Excalion

Waterlines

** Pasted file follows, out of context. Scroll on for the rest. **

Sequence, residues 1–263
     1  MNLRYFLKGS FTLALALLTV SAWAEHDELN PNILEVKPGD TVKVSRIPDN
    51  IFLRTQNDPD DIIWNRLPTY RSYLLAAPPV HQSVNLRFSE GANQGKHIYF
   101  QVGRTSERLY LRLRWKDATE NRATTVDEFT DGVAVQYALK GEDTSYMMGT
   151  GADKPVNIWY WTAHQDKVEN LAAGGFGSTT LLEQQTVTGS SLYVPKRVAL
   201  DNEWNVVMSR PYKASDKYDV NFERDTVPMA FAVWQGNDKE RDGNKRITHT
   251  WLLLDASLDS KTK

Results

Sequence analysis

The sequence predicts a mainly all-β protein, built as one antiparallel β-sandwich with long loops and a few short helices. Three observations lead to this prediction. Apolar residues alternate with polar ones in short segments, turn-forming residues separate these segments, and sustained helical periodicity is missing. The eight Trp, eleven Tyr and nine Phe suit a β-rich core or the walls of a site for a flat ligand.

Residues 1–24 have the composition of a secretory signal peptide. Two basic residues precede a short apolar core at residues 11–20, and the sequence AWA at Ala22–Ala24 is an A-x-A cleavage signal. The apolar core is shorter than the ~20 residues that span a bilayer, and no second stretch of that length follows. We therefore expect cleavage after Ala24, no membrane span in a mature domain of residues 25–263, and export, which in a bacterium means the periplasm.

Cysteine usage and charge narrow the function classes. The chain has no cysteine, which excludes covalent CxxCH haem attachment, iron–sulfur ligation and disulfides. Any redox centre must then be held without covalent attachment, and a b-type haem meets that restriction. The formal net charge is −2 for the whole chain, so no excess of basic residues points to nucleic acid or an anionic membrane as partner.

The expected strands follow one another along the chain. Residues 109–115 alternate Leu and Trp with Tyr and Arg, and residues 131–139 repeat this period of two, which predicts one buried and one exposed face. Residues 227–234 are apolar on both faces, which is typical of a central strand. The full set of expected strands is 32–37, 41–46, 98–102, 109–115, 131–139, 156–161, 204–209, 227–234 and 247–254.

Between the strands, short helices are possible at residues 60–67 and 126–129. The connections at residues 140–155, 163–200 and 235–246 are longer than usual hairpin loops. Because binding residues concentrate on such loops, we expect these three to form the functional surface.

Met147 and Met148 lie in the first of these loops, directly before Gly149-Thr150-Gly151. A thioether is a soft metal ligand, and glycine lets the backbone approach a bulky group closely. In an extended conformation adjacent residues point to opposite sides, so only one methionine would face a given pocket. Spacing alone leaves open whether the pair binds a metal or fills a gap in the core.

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Even though it emerged quite unexpectedly out of the depths of central Finland (the rock & roll capital of the world in the early 2000s?), Excalion's Primal Exhale was a pretty accomplished first album; flawed only inasmuch as the young band's arrangements were so damn ambitious and complex for a bunch of rookies. So it is that their second CD, 2007's H2O-obsessed Waterlines, shows notable growth in terms of polishing those rough edges to a bright, sparkling gloss in a bid to emulate their compatriot heroes (Nightwish, Sonata Arctica, etc.). Defining new songs like "The Wingman," "Life on Fire" and "Arriving as the Dark" are sculpted little gems of majestic, melodic Euro-metal, and, with the exception of the more indulgent (but still damn fine) closing epic "Soaking Ground," the debut's regular bouts of showboating instrumental excess are now largely curbed for the benefit of each song's optimal delivery. As the band's chief songwriter and orchestrator, keyboardist Jarmo Myllyvirta spearheads this transition, only replicating the keyboard pyrotechnics so prevalent on the previous album on a few new songs (notably "Streams of Madness"); while his new six-string foil, Vesa Nupponen, quickly proves himself a team player, never begging for the spotlight despite being clearly gifted, based on his many solo runs. First album buyers will also note that semi-power ballads are on the rise ("Losing Time," "I Failed You," "Delta Sunrise") while out-and-out power metal juggernauts like "Ivory Tower" and "Between the Lines" are on the decline, which ultimately brings to light that the only thing that Waterlines lacks is a little more reckless passion -- rock & roll's innate dynamic explosiveness and unpredictability which Excalion's tightly regimented discipline unfortunately keeps a bit too much in check. But, having now proved their songwriting maturity, it's perfectly logical that the band may come up with the best of both worlds for their third album.

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